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The Building of a Market Leader (That Almost Didn’t Get Built)

The story behind the 850 million dollar acquisition of Intacct’s by Sage, the largest U.K. tech company, began more than a decade ago, but the memories of a difficult time that tested our conviction are still vivid.

In December of 2006, Intacct was out of money. We had interest from two corporate buyers, but suddenly they both backed out. There were no co-investors to help, so without additional funding from Emergence Capital, our only option was to shut the doors.

We made our initial investment in 2005, and the results had been disappointing since the beginning. Bookings growth was anemic, and despite our efforts, we had been unable to make the key management hires we were targeting. After missing several quarters, we realized that our cash wouldn’t last as long as we planned. In the summer of 2005, we did a major RIF to extend our runway. I introduced Intacct’s CEO to some of our favorite co-investors, but they were not impressed with the momentum or the management team. Reluctantly, we hired an investment banker to explore potential buyers.

In the meantime, my partners and I discussed our options. “Intacct is targeting enterprise financial management, the largest application market on the planet, and they have the best product. Why wouldn’t we step up and fund the company now?” my partner asked. “Because no matter how much we believe they can emerge as the leader, it won’t happen if we are the only ones who will write a check. It will take twice as much money as we have reserved if we can’t get co-investors to join us,” I argued. “They have a huge lead so it will take years for anyone else to have a competitive product. We can’t wait for other investors to see the opportunity,” my partner responded. I was feeling dizzy – I was losing hope, but my partners convinced me that we could help Intacct become a market leader.

In many venture firms, this decision would have been career suicide --- with accusations of throwing good money after bad. With no one else willing to make this bet, I would not have placed it without the strong conviction of my partners. Together we came to the decision that this was an opportunity we had to take. We encouraged our co-investors to participate, but Emergence was the only ones to write a check that day. We knew we had to make some major changes to capitalize on the opportunity, and decided we would have to terminate half of the management team within the next two weeks.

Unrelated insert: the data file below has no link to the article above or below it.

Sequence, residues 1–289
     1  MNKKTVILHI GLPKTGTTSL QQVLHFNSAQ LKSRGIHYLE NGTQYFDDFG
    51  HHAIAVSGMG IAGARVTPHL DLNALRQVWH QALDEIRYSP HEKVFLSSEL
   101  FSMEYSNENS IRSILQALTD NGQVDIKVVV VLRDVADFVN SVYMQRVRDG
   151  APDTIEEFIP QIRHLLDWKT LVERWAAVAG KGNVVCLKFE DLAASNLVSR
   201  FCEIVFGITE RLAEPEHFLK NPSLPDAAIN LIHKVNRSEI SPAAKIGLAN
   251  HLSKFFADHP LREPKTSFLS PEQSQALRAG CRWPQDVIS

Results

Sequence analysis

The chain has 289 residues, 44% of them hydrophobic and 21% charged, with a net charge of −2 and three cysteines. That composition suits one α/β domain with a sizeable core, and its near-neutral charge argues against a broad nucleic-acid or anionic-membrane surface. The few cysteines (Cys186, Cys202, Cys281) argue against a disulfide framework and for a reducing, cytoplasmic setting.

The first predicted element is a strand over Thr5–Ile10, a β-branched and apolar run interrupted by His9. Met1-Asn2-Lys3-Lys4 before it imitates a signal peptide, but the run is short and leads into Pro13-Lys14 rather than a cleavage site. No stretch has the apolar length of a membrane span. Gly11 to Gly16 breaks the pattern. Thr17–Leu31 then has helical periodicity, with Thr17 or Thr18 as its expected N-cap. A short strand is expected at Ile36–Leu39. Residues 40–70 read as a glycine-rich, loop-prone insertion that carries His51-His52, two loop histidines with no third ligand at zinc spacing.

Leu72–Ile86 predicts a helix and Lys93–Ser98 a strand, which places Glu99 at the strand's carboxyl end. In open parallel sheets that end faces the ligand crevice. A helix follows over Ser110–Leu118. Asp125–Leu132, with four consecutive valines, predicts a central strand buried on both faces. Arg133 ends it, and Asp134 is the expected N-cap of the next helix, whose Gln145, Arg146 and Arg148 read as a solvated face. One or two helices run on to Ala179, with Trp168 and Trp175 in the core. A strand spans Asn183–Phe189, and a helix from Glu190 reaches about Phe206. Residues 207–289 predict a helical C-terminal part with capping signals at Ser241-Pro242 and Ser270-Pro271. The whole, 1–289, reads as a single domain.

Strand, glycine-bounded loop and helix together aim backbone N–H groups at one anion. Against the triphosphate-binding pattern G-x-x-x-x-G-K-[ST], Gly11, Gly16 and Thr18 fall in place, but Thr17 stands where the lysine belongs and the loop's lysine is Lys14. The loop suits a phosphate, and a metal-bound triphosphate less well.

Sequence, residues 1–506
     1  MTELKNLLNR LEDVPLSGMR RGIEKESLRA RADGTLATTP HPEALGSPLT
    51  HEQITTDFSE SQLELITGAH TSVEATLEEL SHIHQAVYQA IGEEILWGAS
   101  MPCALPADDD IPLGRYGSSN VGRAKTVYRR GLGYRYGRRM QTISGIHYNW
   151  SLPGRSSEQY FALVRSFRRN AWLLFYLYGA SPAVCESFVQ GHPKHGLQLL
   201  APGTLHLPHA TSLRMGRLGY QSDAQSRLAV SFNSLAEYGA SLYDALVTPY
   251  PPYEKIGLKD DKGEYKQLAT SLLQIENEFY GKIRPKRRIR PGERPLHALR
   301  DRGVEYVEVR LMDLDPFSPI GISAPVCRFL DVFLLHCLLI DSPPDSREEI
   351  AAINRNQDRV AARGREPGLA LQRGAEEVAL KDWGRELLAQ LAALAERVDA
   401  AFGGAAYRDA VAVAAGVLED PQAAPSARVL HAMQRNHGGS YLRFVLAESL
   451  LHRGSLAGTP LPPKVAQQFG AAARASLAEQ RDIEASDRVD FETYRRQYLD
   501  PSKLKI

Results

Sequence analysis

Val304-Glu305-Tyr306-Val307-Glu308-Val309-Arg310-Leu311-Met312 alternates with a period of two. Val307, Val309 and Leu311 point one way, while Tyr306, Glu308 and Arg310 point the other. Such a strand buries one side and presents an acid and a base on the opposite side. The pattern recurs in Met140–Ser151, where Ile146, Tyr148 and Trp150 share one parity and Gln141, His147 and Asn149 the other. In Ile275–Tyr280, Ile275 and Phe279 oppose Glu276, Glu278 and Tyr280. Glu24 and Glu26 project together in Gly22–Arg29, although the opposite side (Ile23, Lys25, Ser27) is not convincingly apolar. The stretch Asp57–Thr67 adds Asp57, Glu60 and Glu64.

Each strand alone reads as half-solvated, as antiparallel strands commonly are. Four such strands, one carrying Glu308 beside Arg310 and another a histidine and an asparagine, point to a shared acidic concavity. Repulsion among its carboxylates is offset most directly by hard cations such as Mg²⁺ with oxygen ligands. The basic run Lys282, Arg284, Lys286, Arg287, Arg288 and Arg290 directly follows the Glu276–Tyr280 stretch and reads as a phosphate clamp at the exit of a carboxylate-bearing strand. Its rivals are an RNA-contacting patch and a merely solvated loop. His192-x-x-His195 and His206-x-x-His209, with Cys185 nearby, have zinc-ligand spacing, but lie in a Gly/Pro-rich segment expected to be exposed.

The following 11 years were not easy. Selling financial management software is similar to selling heart transplants- nobody wants a new accounting system, even if they know they need one. Customers want a proven product with no bugs or hiccups, so Intacct had to execute flawlessly -- there were no shortcuts. From the earliest days, the company faced a strong competitor in Netsuite (recently bought by Oracle), so we could never let our guard down. We knew that Intacct’s success could only come from the success of its customers, (and now those customers give Intacct the highest customer satisfaction ratings in the financial management market).

I have seen many successful startups since I began my career as a VC in 1988, and every one was built not solely by a charismatic founder, but by a team. There are many people who deserve credit for Intacct’s success, and I have deep gratitude to everyone who put their hearts and souls into its progress along the way including Rob, Marc, Taylor, Dan, Derek, Ian, Haris, Clark, Mike, Dan, Jerry, Andrew, Bob, Scott and many others.

Rob Reid deserves special thanks for his leadership as CEO since 2009. His superpower is leading teams to world-class execution, and I am honored to have supported his efforts on behalf of the Intacct shareholders. He knows how to build a software company that employees and customers love.

I also want to say a special thanks to Aaron Harris and Kathy Lord, who were part of the core team that we supported in 2006. We invested in their commitment and drive, and they never let us down. It’s been a pleasure to watch their professional growth power the growth of Intacct. Their success validates our belief that a few entrepreneurs with conviction and passion can change the world.

Emergence Capital seeks to build market leaders, like Intacct, and we are proud to be part of the team that brought them to this juncture. Sage (UK) is a leader in financial technology worldwide, and is an ideal partner to leverage Intacct’s many strengths. We wish them success with their purchase of Intacct.